In Asbury Park, a Vast Selection of Vintage Finds

Carolyn Curtin's crusade to restore her Victorian home led to a stockpiling of salvaged home goods, period treasures and endless curiosities.

Photo by Marla Cohen

For 15-plus years, Carolyn Curtin has been saving architectural gems: cast-iron tubs, pedestal sinks, lumber, signs, stained glass, light fixtures, and thousands of doors, knobs, hinges and more. The items date from the late 1800s through the 20th century, and the collection, which includes furniture and other household items, now fills a 20,000-square-foot former Canada Dry warehouse, as well as a small retail storefront in downtown Asbury Park.

Carolyn Curtin Photo by Marla Cohen

Salvage Angel by the Sea has helped appoint homes throughout the region, including in Asbury Park, where it began for Curtin 17 years ago with her purchase of a Victorian house she wanted to restore with era-appropriate pieces. Her quest to find a kitchen sink grew into a vocation and then a full-time job. “As they were knocking things down around us in a town that was getting gentrified, the collection organically got bigger,” she says.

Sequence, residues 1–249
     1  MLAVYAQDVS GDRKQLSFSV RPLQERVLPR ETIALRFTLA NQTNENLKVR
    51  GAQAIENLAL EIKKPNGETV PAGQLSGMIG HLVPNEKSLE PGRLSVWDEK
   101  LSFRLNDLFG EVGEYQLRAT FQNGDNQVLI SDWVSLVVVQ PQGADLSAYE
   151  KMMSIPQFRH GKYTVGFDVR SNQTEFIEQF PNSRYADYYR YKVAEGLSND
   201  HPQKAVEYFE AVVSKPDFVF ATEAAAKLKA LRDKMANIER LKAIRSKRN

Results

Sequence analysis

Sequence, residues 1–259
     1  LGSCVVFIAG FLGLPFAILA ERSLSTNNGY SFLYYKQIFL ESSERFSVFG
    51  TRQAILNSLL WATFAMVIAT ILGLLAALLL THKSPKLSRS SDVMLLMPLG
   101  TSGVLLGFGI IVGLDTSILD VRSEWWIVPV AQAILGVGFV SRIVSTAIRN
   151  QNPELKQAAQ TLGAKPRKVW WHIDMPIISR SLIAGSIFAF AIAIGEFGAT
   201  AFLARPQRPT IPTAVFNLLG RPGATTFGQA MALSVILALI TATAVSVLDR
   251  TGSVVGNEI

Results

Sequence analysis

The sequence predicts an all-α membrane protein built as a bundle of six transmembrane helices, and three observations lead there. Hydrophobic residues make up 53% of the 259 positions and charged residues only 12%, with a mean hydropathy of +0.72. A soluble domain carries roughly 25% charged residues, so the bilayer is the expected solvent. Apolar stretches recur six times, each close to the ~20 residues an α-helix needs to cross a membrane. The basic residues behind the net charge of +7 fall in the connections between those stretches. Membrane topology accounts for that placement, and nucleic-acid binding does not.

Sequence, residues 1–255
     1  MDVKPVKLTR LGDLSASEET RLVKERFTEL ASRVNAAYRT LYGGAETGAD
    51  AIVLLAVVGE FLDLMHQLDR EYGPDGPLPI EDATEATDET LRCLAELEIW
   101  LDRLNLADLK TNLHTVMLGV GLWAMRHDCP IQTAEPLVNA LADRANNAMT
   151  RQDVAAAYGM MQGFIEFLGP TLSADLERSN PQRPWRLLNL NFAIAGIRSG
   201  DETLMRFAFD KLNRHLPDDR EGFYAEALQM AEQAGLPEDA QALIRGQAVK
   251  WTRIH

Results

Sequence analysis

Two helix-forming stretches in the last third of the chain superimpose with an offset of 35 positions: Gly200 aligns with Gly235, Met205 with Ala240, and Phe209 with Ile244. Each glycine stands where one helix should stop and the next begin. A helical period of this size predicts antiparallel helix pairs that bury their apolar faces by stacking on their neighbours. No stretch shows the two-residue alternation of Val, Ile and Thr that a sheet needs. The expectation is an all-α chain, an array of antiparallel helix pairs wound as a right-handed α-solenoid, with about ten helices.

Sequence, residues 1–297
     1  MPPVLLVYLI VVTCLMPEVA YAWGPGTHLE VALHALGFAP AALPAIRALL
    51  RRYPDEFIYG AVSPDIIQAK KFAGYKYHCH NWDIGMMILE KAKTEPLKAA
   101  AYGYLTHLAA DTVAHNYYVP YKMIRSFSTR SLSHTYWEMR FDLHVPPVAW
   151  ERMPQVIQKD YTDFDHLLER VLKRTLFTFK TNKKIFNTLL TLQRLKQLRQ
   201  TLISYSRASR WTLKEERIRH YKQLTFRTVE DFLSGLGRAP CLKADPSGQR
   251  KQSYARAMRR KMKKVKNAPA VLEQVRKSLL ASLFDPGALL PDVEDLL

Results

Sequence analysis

As word spread, contractors called with finds. “It’s an interesting business, but it’s not for the faint of heart,” she says. “You do a lot of heavy lifting, and you get dirty by the end of the day.”

Related: This Lavallette Shop is Brimming with Laid-Back, Stylish Offerings

The warehouse features a mirror room and another devoted to vintage rattan—“It’s hot with the hipsters,” Curtin says. So are all the mid-century modern finds. The inventory also includes smaller items: vintage clothing, jewelry, and even Christmas odds and ends. 

Some period pieces Curtin rescued have been featured on popular television shows and movies, such as The Marvelous Mrs. Maisel, If Beale Street Could Talk, and the forthcoming Joker movie. She also supplied materials for The Sopranos prequel, a Bruce Springsteen video and other productions.

Demand for vintage remains strong. Salvage Angel’s retail store in the former Steinbach building opened in May.

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